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What does a CTO do?

This post lists the key insights from this article, from the founder and CTO of Cloudera, Amr Awadallah.


1. What is the Mission of the CTO?

A) Fiduciary for Long-Term Technical Strategy

  • The CTO must effectively hold, develop, articulate, and continually evolve the company’s strategic technical direction.
  • The CTO is responsible for making sure the company continues to have the best technology offering in a dynamically-evolving highly-competitive space.
  • The CTO brings the proper balance between business and technology strategy by effectively connecting the outside world with the inside.

B) Technical Evangelist

  • The CTO must inspire/excite people internally around the long-term vision of the company, as well as convince outsiders that this is where the world is going to be, and that his/her company is the best choice to take them there.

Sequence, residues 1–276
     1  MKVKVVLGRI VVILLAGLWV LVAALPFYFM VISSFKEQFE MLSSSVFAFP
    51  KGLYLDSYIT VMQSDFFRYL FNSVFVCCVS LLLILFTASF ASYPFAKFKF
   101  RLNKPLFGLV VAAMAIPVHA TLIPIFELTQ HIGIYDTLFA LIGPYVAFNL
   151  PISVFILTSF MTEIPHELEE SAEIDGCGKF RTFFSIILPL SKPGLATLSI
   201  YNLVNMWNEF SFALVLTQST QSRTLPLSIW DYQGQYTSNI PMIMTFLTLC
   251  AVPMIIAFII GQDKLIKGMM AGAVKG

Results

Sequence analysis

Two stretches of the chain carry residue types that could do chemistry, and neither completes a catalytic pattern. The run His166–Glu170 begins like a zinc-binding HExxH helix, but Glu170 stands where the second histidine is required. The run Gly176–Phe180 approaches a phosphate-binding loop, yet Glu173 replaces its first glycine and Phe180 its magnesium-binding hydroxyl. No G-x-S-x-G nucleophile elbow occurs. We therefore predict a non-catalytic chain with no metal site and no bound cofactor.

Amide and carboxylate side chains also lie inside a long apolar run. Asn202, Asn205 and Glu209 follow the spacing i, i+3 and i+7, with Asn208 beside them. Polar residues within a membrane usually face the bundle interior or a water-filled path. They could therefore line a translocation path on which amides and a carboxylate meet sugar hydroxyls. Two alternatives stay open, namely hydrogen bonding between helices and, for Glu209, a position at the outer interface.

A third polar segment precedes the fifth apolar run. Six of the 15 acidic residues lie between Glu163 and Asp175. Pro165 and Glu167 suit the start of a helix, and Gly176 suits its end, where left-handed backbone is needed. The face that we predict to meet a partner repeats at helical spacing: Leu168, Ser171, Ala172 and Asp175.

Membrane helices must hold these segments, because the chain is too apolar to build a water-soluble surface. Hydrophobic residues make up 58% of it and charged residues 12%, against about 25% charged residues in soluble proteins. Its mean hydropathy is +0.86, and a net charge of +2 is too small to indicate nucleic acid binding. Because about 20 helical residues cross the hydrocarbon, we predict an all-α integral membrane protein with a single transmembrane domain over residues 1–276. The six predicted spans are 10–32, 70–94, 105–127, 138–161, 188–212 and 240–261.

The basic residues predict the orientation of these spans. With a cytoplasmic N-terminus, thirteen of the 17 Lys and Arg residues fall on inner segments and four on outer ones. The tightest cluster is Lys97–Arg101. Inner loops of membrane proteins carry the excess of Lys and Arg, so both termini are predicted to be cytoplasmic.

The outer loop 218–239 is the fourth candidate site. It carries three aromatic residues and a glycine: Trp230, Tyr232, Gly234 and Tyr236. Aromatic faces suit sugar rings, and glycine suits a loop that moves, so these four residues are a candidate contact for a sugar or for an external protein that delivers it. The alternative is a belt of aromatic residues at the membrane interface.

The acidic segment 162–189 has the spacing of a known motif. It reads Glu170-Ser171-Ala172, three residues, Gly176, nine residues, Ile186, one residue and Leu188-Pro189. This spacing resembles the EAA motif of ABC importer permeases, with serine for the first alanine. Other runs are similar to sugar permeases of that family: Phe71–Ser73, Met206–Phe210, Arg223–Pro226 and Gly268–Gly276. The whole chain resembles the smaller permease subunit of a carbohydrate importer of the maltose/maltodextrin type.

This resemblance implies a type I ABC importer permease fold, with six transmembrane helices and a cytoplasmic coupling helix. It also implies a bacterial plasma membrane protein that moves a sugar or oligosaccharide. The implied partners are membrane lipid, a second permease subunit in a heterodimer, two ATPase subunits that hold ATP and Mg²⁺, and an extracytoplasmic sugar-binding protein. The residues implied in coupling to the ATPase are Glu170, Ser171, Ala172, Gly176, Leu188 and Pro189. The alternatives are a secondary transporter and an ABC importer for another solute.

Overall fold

• The CTO must speak with authority about the market needs, must be credible with customers, and must be able to articulate the business value and ROI to a variety of audiences.

C) Spiritual Leader for the engineers and maintainer of the technical culture

  • The CTO must rally the engineering organization towards the long-term technical goals of the company.
  • The CTO must be able to inspire new engineers to join the engineering organization and must help in the sourcing/identification of such talent.